Knowing where to look and where to be wary can yield better outcomes and fewer headaches. Based on many years as a journalist, animal wellness practitioner, and pet mom, here are my suggestions for accurate, credible animal health information sources:

Your veterinarian

Your veterinarian and vet clinic should be your primary source for your pet’s health. They know you and your animals. If you don’t have a vet you trust, find one by asking fellow pet parents you trust. Online testimonials and reviews are helpful, but nothing beats a personal referral.

If you’re afraid of asking a stupid question or bothering the vet clinic staff, consider that some of the most pertinent questions are the seemingly stupid ones (i.e., “Where are my pants?”). Your vet and staff are your chief allies in your pet’s well-being. It’s OK to ask them, “Where can I learn more about this?” They’d rather steer you toward a trusted source than have you paralyzed with fear or try an unproven “miracle cure” that may do more harm than good.

Veterinary schools

Places like the Purdue University College of Veterinary Medicine (our Indiana example) educate and train tomorrow’s veterinary professionals. Vet school faculty and staff members are trained scientists whose job it is to figure stuff out — accurately and without bias. (More on bias in a moment.)

University-conducted studies can be wonderful sources of information and insight. Keep in mind that a single study is seldom, if ever, the final answer. What we know about our animals, our world, and ourselves is constantly evolving.

Also, these studies are generally written with a style and terminology that leave you wondering what on earth is wrong with plain English. They’re intended for a professional or academic audience. That’s cool, but you may want something more accessible.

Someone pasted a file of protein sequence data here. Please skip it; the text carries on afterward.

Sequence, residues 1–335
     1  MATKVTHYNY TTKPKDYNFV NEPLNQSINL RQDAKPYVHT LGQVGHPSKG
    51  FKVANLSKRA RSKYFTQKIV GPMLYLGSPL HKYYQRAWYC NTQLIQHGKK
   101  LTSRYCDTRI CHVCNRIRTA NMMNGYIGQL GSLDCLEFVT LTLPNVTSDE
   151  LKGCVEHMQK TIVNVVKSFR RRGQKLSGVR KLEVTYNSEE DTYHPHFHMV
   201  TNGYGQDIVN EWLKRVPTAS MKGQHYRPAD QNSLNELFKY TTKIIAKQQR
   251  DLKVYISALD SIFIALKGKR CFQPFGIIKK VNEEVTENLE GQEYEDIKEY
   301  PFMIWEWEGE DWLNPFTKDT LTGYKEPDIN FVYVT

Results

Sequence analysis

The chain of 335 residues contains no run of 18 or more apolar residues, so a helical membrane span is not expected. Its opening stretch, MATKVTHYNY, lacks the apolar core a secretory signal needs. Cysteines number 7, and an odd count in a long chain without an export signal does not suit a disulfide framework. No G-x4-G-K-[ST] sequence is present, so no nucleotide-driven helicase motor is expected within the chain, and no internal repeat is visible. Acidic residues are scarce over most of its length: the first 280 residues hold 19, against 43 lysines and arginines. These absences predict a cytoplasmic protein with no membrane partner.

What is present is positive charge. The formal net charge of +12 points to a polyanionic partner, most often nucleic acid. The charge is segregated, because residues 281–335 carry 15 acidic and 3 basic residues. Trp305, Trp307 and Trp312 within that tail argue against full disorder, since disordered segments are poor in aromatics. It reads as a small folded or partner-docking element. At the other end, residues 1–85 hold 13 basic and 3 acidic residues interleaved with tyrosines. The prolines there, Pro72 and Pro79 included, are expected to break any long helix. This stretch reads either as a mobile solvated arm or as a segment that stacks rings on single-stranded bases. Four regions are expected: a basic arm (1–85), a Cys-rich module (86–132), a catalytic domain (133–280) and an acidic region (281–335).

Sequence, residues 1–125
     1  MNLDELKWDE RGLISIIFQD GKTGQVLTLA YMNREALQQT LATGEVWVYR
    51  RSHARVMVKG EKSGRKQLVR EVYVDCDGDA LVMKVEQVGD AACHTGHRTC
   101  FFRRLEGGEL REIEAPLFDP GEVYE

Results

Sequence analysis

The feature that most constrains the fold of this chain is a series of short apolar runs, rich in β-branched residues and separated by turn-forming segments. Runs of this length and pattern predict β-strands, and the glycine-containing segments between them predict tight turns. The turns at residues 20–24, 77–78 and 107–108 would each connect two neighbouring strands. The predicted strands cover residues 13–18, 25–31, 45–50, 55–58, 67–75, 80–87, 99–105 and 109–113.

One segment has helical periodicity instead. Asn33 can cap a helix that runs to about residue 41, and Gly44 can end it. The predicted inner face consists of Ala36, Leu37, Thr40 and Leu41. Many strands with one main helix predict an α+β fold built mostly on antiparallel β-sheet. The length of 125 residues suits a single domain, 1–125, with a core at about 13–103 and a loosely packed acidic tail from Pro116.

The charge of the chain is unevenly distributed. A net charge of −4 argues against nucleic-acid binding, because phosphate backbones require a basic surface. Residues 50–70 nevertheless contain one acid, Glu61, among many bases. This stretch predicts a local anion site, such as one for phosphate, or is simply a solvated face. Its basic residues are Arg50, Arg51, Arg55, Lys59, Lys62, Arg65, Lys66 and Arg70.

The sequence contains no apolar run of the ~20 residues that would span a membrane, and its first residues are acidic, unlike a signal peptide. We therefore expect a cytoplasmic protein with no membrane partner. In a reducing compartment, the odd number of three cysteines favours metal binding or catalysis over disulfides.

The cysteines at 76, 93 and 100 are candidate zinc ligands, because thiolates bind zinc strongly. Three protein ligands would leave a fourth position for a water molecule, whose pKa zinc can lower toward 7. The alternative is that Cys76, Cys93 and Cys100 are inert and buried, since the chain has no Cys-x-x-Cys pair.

Fortunately, the Cornell University College of Veterinary Medicine website’s Health Topics section is geared toward both veterinarians and pet owners. I especially like the information I’ve found on the Cornell Feline Health Center page.

Now to the question of bias. When you are reading a media report on a study that links X to Y, or which indicates A is beneficial in the treatment of B, click the link to the actual study. It may be a university study in a professional journal, or it could be a press release.

Either way, look at who paid for and conducted the study. Would they have a vested interest in the outcome? For example, if a study about the benefits of CBD oil was paid for or conducted by a company that makes CBD supplements, I wouldn’t give that study much weight. Its conclusions may prove correct in time, but show me some independent research. Also look at any conflicts of interest disclosed by the authors themselves.

Again, resist the impulse to draw conclusions from research that may not be conclusive.

Professional associations

The American Veterinary Medical Association’s website includes resources for pet owners — including, of course, how best to partner with your veterinarian for your animal friend’s best life. (There’s also a great article on getting pet health information online, which hits some points I do not here.)

The American Holistic Veterinary Medical Association’s Holistic Veterinary Therapies page is where I would start for information on complementary and alternative therapies such as chiropractic, acupuncture, and more.

Don’t overlook the library

I’ve been talking about online information here, but I’m old enough that, once upon a time, the stacks were my first stop. But my advice is similar. Look at the credentials of the author(s) and don’t get swept up in “breakthrough,” “miracle,” “revolutionary,” or similar claims.

Those are the sources to seek. Briefly, here are the sources to evaluate more carefully:

• Sites owned by businesses selling a product or service. This goes for mine, too. Do they link to reliable sources of health information? Do the claims seem too good to be true?

• Blogs (again, including mine), message boards, social media and anyplace else where people can post anything. What sources, if any, does the person reference? Is he or she angry? Grieving?

• Wikipedia. Being a free-for-all may be part of its charm. Fine. Just look in the text and footnotes for links to reliable sources.

Bottom line: When you’re evaluating a source of information on animal health, always consider the who and the why. Then — again — work with a veterinarian you trust.